actively to assist public justice, or
where the parties suffering are
too friendless to make themselves
heard, then the duty of the Solici
tor, while it becomes more impera
tive, also becomes more difficult.
To do justice, lie n?edslarger pow
ers, and more assistance.
I would, therefore, recommend
a more complete and efficient or
ganization of the machinery ne
cessary for the administration of
criminal justice. The Attorney
General is the proper representa
tive of the criminal justice of the
State, and lie should have the au
thority, not only as -:t present to
consult and advise with the Solic
itors, but to review and direct
their action. They should be re-!
quired to report to him regularly
the condition of the prosecutions
in their respective circuits, and to
be governed by his instructions
whenever he may deem it judi
cious to issue them. He should
also have the power whenever in
his opinion the importance of the
case requires it, to retain assistant
counsel, and see that the State is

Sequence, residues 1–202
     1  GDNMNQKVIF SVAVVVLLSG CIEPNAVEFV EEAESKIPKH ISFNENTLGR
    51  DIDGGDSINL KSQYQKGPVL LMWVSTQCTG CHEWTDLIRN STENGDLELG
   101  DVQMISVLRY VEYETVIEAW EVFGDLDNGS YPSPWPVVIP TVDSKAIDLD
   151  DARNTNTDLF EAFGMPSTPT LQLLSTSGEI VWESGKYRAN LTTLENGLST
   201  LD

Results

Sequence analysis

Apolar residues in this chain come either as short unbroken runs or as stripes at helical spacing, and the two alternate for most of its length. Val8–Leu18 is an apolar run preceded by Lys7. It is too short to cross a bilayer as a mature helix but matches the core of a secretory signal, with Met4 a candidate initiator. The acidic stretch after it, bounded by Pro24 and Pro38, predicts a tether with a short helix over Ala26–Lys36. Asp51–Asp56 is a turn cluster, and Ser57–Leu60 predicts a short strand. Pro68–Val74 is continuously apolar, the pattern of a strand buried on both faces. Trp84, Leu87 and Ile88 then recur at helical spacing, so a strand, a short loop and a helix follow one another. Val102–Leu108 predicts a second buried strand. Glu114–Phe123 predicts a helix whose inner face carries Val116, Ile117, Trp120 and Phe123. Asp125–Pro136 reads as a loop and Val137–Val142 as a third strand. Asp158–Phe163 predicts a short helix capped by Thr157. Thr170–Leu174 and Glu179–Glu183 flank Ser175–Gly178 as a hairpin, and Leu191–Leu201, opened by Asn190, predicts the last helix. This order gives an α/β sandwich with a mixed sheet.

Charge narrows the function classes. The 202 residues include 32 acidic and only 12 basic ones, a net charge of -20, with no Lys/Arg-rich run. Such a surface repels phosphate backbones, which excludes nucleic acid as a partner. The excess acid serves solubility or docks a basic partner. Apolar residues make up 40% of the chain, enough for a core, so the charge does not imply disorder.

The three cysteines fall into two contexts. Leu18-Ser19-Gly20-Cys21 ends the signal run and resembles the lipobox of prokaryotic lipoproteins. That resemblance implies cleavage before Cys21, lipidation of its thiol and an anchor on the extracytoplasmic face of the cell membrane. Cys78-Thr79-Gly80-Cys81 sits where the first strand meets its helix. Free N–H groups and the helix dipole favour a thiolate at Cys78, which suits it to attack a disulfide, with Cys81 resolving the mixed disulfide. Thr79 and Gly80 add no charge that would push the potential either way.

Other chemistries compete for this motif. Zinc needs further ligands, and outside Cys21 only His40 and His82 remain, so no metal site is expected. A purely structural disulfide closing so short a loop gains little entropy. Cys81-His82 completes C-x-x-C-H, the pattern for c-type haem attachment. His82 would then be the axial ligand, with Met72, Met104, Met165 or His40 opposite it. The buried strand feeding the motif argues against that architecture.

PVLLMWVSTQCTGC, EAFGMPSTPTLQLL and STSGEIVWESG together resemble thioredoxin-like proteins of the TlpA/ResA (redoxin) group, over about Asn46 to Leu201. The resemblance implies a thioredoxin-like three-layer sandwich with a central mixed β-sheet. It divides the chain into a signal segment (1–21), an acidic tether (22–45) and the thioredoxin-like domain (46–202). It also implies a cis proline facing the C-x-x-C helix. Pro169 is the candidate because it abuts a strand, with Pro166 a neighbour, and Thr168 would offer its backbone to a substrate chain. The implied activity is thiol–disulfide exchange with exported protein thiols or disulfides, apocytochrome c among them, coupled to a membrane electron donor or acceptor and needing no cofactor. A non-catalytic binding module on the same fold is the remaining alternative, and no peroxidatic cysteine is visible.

fully and efficiently represented.
I think, also, that a corps of
Detective Police Officers, should
be placed under his control, to be
used by him and the Solicitors as
occasion may require. I do not
propose that these officers should
have any power of arrest. This
responsibility must be assumed by
the law officers of the State. But
the crimes which society suffers
can never be suppreied without
some efficient organization by
which the preliminary investiga
tions can be conducted, 4he traces
of guilt promptly followed up, and
such testimony procured as will
justify a prosecuting oficeer in ask
ing fr-om conscientious juries a
ver-dict of conviction. Neither:
the Attorney Generatl, nor the So
licitors, can give more than a gen
eral sup)erintendence and skillful
diirect ion to such investigatirms,
and they need the aid of a body
of discreet, pr-act iced and temper
ate minded men to perform this
important duty. As the Attorney
General and the Solicitors ar-e
elected by the people, they have
it in thmeir- power to select men in
whose chiairacter the- wviIl find
sufficient guarantee that mLdis pow
er will not be abused.
To carry out this laln, would
requir-e that a contingent ftmd
suflicient to meet its expense, be
placed at the contr-ol of the Attor
ney General, whi'A I therfor-e
I think it proper also to call
to your attention the facet, that
the Judicial District in which
these disturbances are most fi a
grant, is practically with,&t a
Judge. The presiding Judge of
that circuit is now under impeach
ment be fore the Senate, for high
crimes anid mnisdemeanor-s, arid
while it would not becon>e me to
anticipate this solemn trial, yet I